I’d love to tell you the source of this information, but I can’t read the slide, for the reasons noted above. Here’s a better version from the Community Health Boards’ web site. The graphic apparently comes from the Canadian Medical Association:

Social determinants of health (Infographic courtesy of the Canadian Medical Association.)

Infographic courtesy of the Canadian Medical Association.

 

As you can see, access to healthcare (or more accurately, the lack thereof) accounts for 20-25% of what makes you sick. Socioeconomic factors — including income — account for 40-50%.

Again, that link between poverty and health.

So while the Cape Breton health boards’ first priority is access to healthcare, its second is economic conditions. MacLellan told Council conditions on the island had inspired the board’s “biggest leap” to date, which was to advocate for a poverty reduction program. (I found it curious that this should be considered such a big leap so I took a quick look at some of the recommendations made by other boards and found the Northern Zone boards advocating for a living wage.)

The Community Health Boards seem to be made up of engaged and hardworking volunteers (mainly women, as you can see from the photos):

I’m very curious as to how much impact their work is having on healthcare in this province, although the fact that people constantly invoke the word “crisis” to describe conditions here suggests I already know the answer.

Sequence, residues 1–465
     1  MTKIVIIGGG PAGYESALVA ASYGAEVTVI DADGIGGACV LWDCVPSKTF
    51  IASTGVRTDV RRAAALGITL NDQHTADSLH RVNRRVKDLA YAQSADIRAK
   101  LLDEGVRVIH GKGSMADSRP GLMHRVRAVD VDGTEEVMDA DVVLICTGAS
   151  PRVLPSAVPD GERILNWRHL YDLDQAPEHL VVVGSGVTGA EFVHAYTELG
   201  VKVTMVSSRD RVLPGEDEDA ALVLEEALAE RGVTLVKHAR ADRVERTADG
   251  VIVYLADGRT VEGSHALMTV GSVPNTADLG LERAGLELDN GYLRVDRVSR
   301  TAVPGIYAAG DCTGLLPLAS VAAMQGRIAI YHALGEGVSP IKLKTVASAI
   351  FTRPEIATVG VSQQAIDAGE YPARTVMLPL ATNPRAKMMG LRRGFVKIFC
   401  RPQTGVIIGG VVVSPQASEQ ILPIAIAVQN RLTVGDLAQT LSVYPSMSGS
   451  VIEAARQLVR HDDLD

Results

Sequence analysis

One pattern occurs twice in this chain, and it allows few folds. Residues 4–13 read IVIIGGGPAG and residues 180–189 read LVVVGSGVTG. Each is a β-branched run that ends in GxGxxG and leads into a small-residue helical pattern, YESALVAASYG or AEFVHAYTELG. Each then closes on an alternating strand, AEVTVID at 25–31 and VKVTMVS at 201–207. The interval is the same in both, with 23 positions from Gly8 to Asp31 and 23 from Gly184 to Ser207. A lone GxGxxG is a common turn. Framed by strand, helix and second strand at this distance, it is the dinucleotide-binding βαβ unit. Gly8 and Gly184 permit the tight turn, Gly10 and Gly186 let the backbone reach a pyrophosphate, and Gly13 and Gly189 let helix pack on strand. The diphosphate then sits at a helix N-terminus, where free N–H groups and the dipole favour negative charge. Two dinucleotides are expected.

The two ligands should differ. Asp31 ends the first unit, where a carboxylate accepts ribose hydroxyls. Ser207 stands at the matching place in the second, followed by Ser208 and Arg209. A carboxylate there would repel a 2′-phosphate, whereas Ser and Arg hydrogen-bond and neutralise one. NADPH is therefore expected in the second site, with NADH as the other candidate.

My initial impression is that the boards are to healthcare what school advisory councils are to education — safe, powerless organizations into which a provincial government obsessed with centralization (another point made by NDP leader Gary Burrill) can channel citizen concern and anger.

Which is, again, not to denigrate the work the Community Health Boards do — quite the opposite. They seem to have done an excellent job of surveying the public about healthcare and if their recommendations are a bit too vague and broad (which MacLellan herself acknowledged might be a criticism) their priorities seem right. If only they had more influence.

That’s my first take — but I think this is a subject I should look into in more detail.